They concluded that potential outcome benefits from robotic BMS can include a reduction in infectious complications and transfusion requirements with robotic RYGB cases. SGs were found to have slightly higher infectious complications.


To access this paper, please click here


Prospective Multicenter Study of the Primary Obesity Surgery Endoluminal (POSE2.0) Procedure for Treatment of Obesity

Writing in the journal of Clinical Gastroenterology and Hepatology, an international team of researchers has report that the POSE2.0 procedure is an effective and durable endoscopic bariatric therapy which may influence physiologic pathways impacting satiety out to two years.


The prospective, multi-centre trial examined the safety, efficacy, durability and physiologic effects of POSE2.0 in adults with obesity. Primary outcomes were percent total body weight loss (%TBWL) and proportion of patients achieving >5% TBWL at 12 months. Secondary outcomes included change in obesity co-morbidities, satiety, quality of life at six-months, and durability of plications at 12 and 24-months.


In total, 44 patients (61% female, mean age 45±9.7 years, mean BMI 37±2.1 kg/m2) were enrolled. An average of 19 suture anchor pairs were used, with a mean duration of 37±11 min and the procedure was technically successful in all subjects. The mean %TBWL at 12 months was 15.7±6.8% and %TBWL >5%, >10%, and >15% was achieved in 98%, 86%, and 58% of patients at 12-months.


Improvements in lipid profile, liver biochemistries, and hepatic steatosis were seen at 6 months. Improvements in hepatic steatosis persisted for 24-months in a subgroup of patients (p<0.01).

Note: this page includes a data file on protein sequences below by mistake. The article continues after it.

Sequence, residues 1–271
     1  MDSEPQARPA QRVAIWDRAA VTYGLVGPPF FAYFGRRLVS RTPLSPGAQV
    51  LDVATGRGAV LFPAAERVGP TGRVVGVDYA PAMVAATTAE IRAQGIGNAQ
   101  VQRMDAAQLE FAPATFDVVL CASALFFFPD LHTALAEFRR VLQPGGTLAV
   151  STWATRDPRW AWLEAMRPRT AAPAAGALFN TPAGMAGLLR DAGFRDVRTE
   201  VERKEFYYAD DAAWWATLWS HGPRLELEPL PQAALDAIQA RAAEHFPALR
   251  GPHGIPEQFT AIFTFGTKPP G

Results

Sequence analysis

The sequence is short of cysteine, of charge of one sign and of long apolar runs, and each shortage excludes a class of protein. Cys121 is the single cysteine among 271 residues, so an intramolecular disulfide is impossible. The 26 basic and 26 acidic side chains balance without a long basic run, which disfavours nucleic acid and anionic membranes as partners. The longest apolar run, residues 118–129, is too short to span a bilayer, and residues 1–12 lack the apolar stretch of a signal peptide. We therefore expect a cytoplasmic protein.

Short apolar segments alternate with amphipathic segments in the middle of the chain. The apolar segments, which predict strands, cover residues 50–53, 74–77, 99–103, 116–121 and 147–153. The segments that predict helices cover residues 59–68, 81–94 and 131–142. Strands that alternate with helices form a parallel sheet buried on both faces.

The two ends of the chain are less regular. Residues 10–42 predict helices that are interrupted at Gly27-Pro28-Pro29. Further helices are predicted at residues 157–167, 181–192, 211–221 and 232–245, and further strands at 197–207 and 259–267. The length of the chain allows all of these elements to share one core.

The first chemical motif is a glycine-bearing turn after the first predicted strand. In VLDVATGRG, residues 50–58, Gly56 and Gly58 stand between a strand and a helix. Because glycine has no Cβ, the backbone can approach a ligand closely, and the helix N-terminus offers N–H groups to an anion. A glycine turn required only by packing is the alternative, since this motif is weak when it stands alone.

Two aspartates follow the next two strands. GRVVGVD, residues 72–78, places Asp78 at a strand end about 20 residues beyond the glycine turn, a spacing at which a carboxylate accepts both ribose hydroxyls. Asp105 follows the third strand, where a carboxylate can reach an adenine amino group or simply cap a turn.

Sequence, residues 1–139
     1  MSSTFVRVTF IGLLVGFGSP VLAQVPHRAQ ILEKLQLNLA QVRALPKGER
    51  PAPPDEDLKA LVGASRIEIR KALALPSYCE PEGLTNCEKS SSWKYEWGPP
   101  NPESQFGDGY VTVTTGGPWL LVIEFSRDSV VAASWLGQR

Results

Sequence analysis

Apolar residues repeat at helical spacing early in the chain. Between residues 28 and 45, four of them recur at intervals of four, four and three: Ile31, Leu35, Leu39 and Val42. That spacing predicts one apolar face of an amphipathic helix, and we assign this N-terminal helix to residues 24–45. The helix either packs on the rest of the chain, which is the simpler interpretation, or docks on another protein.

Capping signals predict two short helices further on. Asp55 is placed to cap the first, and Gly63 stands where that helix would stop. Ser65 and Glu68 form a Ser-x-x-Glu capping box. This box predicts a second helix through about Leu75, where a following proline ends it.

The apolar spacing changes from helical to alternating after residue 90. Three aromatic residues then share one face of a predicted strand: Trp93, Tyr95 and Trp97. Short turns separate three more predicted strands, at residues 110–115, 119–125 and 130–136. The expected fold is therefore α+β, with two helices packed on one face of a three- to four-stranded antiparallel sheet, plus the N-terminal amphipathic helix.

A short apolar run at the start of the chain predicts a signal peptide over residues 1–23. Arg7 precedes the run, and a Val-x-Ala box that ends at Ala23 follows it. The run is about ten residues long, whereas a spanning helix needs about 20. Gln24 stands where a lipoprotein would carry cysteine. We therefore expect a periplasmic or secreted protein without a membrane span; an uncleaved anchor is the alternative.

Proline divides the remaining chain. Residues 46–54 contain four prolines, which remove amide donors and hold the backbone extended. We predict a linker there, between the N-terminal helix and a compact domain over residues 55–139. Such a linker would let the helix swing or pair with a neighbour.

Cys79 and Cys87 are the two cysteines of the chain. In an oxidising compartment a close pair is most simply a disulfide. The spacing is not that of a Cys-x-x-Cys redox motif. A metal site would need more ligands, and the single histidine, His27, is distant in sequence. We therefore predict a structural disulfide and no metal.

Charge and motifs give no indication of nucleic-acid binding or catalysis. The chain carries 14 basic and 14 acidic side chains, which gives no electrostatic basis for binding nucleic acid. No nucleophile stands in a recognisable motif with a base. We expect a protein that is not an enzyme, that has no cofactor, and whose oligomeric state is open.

POSE2.0 reduced maximum tolerated meal volume (p=0.03) and was associated with increased fullness (p<0.01) and improved eating behaviour (p<0.01) at six-months. Repeat assessment at 24-months (n=26) showed fully intact plications.


The authors stated that larger comparative studies are needed to further elucidate these initial findings.


To access this paper, please click here


Weight Change During the Postintervention Follow-up of Look AHEAD

Researchers writing on behalf of the LOOK AHEAD study group, have found that steep weight loss post-intervention was associated with increased risk of mortality. Reporting in Diabetes Care, they examined weight change during the postintervention period of Look AHEAD, a randomised trial comparing intensive lifestyle intervention (ILI) with diabetes support and education (DSE) (control) in individuals with overweight/obesity with type 2 diabetes and sought to identify predictors of excessive postintervention weight loss and its association with mortality.


These secondary analyses compared postintervention weight change (year eight to final visit; median 16 years) in ILI and DSE in 3,999 Look AHEAD participants. Using empirically derived trajectory categories, they compared four subgroups: weight gainers (n=307), weight stable (n=1,561), steady losers (n=1,731) and steep losers (n = 380), on postintervention mortality, demographic variables, and health status at randomisation and year eight.